I’m now convinced that if I would have stared at that bass tracker a little while longer, it would have revealed itself to be a Haze Grey Maverick Mirage HPX. I later went hunting for more information on this new reality with an intensive Google Search investigation. Down the rabbit hole I went until I finally stumbled upon half a paragraph by a Captain who many years ago mentioned this place, by a different name, as one of his favorite early season tarpon spots. Intriguing.
This week while doing some introspection on the tarpon incident, I thought about our current crisis. Our reality, or what we thought was reality, is gone. It’s been an ‘Oh Shit’ moment for everyone. The potential for sickness, death, and financial ruin is a troubling reality to embrace. Our future remains obscured by fog. What awaits us depends on who you ask and what time of the day you ask them. Most people are looking into the fog and seeing what they want to see, not what’s actually there. And so many of us understandably are struggling with simply seeing past fear.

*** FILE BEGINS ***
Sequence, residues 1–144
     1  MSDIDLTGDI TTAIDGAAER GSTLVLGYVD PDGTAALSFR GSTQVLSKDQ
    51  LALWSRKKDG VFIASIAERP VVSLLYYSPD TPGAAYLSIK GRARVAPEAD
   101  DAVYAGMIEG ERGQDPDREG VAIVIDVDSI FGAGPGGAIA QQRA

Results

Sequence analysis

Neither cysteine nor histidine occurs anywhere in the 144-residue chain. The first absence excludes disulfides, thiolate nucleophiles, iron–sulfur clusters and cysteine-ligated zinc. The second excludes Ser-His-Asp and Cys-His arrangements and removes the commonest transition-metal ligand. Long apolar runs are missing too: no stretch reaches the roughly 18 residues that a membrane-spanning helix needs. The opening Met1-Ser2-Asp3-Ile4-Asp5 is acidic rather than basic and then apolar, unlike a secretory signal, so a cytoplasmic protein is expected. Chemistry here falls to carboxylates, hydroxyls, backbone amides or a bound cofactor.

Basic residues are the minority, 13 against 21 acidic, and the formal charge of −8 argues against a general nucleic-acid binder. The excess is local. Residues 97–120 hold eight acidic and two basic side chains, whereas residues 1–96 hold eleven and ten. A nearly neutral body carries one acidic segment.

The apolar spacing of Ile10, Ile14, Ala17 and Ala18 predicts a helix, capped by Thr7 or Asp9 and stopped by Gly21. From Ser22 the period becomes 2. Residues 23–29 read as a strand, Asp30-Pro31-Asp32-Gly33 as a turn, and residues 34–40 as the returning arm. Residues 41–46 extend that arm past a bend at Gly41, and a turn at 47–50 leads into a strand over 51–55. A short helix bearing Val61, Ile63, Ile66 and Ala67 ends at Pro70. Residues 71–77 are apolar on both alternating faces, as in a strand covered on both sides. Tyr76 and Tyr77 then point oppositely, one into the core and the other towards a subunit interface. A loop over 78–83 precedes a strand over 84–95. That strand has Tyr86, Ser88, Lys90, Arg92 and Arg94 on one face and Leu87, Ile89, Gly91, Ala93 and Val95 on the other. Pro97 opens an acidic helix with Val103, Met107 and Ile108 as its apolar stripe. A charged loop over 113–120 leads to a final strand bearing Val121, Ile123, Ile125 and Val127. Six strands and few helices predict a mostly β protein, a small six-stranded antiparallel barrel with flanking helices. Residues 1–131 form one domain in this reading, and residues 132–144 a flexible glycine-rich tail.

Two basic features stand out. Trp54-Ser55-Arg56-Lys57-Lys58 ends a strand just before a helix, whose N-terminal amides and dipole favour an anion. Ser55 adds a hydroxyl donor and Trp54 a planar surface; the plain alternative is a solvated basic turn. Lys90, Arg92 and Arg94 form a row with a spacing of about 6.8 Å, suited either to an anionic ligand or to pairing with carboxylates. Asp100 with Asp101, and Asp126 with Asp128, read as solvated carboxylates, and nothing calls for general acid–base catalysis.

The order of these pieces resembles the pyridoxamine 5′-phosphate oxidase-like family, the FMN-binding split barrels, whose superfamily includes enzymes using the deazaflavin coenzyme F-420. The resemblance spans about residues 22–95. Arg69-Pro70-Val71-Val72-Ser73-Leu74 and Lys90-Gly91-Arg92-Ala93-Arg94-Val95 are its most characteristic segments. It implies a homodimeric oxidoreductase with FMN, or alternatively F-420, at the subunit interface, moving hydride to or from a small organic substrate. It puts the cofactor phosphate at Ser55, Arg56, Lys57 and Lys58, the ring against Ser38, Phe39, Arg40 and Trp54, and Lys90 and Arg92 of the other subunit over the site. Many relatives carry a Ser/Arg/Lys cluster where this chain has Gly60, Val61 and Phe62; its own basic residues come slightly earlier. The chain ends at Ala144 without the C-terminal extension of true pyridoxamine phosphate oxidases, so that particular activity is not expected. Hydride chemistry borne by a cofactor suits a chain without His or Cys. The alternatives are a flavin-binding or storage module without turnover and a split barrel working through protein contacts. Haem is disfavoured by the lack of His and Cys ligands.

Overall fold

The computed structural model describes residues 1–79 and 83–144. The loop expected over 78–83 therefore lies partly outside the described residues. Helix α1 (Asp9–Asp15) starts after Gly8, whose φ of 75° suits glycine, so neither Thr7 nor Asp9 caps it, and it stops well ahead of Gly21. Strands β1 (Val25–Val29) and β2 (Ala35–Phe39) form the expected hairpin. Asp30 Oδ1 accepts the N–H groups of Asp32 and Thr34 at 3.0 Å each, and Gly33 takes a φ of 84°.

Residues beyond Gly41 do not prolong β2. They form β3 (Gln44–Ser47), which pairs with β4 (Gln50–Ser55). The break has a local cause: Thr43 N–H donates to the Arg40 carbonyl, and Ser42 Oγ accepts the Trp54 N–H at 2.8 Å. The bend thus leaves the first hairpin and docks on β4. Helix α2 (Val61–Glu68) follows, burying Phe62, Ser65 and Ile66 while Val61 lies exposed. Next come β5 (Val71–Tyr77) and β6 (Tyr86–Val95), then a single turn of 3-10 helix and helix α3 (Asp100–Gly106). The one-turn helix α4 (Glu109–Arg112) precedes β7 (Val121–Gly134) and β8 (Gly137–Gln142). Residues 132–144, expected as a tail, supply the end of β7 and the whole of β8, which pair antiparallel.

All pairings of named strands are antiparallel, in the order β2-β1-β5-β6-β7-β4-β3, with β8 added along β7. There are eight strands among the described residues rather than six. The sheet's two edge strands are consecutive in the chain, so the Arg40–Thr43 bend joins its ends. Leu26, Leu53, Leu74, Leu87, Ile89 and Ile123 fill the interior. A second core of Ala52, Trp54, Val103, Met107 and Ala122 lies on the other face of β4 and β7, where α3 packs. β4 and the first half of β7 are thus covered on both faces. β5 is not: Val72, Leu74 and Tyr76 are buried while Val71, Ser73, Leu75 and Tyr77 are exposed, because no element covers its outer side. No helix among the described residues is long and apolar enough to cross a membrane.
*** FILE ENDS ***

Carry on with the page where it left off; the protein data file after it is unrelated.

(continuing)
It’s a tough time right now and I hurt for those currently taking the brunt of the pandemic. We know our time is coming. I’ve tossed aside my previous version of reality and accepted our new reality. I feel better. We live in a world with an unknown future that we have very little control over. That kind of sucks, but it is reality and it’s probably always been our reality. I’ll do my part to help with what little control we have left and I trust everyone will do the same. When the fog finally lifts, we’ll have a clear view of our future. Let’s just hope it’s a Haze Grey Maverick Mirage HPX dragging a tarpon and not a broken down jon boat drifting across a channel.